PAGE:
As you can see from this, a voluntary police interview is a serious matter. Though you are not under arrest, the interview will nonetheless be recorded. It is important to think carefully about what you do or do not want to say.
As frightening as this may all be, you do have a number of rights that you can avail yourself of, and which entitle you to certain kinds of support during the interview. Further, there are strict limits on what the police can do during a voluntary interview. Any failure of the officers conducting the interview to adhere to these limits may constitute police misconduct.
Your rights during a voluntary police interview
In the first instance, the police must inform you clearly about the purpose of the interview. This means that they must tell you about the offence they think you have committed and their reasons for this suspicion, as well as explaining why they think the interview is necessary. They must also explain the “caution” we have discussed above. Additionally, they must provide their names and ranks, and inform you that you can choose to terminate the interview at any time.
This last point is especially important. It must be made clear that you are free to leave at any time unless the police decide to arrest you. Though you can be arrested following the interview, the arresting officer must explicitly state that this is happening and that, as a result, you are no longer free to leave. They must also state their justification for arresting you. A failure to do so may mean that the arrest is unlawful.
The interview itself must take place in a room that is clean, warm, and lit. You should not be expected to stand during the interview. Further, you should be given a break during normal mealtimes, as well as a break for a drink after around two hours.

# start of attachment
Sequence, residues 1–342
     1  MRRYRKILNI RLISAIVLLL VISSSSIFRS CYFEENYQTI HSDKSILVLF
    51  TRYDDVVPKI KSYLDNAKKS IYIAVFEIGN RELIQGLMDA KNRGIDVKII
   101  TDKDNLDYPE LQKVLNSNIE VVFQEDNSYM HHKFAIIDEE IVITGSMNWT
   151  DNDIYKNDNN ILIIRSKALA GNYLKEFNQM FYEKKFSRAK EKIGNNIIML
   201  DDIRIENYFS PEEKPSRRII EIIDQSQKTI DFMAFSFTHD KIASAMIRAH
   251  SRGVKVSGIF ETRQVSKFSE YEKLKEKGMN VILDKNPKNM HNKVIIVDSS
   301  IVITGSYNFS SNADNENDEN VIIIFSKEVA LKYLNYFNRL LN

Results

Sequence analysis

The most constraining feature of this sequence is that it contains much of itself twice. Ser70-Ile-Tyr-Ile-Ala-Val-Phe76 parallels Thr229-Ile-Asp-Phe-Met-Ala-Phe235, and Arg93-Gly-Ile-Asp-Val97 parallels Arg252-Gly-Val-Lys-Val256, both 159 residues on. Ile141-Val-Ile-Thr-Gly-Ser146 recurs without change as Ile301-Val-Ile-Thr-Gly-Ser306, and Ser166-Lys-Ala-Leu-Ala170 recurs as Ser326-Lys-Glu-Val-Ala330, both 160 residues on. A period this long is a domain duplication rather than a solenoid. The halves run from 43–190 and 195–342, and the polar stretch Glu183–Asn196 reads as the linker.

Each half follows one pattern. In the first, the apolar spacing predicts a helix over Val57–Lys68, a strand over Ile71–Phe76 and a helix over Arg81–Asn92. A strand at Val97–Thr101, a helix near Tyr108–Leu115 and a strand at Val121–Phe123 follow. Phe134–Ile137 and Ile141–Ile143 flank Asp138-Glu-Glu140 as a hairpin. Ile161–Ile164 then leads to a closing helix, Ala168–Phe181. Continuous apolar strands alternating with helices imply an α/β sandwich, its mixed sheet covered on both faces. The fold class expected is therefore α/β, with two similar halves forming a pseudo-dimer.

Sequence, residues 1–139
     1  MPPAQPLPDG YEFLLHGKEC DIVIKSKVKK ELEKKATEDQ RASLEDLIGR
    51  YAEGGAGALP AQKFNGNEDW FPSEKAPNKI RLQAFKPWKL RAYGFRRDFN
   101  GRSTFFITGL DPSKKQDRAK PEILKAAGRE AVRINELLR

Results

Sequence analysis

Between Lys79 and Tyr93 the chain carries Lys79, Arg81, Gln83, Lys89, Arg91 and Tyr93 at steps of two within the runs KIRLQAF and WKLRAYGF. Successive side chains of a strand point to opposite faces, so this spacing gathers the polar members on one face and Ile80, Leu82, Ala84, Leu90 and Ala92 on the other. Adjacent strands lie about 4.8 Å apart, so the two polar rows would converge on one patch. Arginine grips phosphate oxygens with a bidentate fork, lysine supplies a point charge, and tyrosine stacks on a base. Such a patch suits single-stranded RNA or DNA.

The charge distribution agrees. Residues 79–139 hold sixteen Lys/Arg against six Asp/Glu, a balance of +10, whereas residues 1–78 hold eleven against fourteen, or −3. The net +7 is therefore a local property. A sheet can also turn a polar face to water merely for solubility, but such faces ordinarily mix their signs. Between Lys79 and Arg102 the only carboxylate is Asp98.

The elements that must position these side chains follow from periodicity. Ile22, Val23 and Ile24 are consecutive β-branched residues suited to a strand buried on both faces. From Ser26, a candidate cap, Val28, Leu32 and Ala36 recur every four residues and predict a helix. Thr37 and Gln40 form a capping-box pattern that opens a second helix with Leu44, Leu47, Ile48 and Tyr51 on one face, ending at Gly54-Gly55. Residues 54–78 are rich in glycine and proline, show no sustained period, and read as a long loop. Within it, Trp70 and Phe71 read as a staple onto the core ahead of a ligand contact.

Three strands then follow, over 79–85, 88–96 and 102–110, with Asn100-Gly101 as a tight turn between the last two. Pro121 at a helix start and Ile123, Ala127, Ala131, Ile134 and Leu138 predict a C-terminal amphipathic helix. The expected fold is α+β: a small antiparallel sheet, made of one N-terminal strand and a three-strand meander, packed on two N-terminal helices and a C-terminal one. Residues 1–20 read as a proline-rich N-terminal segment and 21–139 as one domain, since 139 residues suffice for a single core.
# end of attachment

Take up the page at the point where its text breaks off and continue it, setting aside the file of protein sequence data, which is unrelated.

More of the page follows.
If at any point you are unsure about your rights or about the rules the police must follow, you can ask to consult the Codes of Practice. These are available at every police station and set out clearly what the police can and cannot do. The police must allow you to review these codes on request – and this includes before the interview begins.
Can I have someone with me during a voluntary police interview?
You do not have to attend your voluntary police interview alone. This may be reassuring if you are anxious about the prospect of the interview.
If you are under 18 or in any way vulnerable – for instance, if you have mental health problems – you have the right to have an “appropriate adult” with you during the entire interview. They can help you to understand what’s happening and defend your interests. Your “appropriate adult” must be present when your rights are explained and when the reason for the interview is given. They must also be present when you consent to the interview.
Further, anyone being interviewed under caution is entitled to be accompanied by a solicitor to the interview. You must be allowed to speak to your solicitor at any time during the interview – and you must be allowed to do so in private if you so choose. If you do not have paid legal representation, you can request free legal advice from the Duty Solicitor. This service is entirely independent of the police.
As we mentioned above, a voluntary police interview is a serious matter, and what you say during the interview can be used as evidence in future. It is important that you do not underestimate the seriousness of the situation, nor mistakenly think that, because the interview is voluntary, it is an “informal chat”.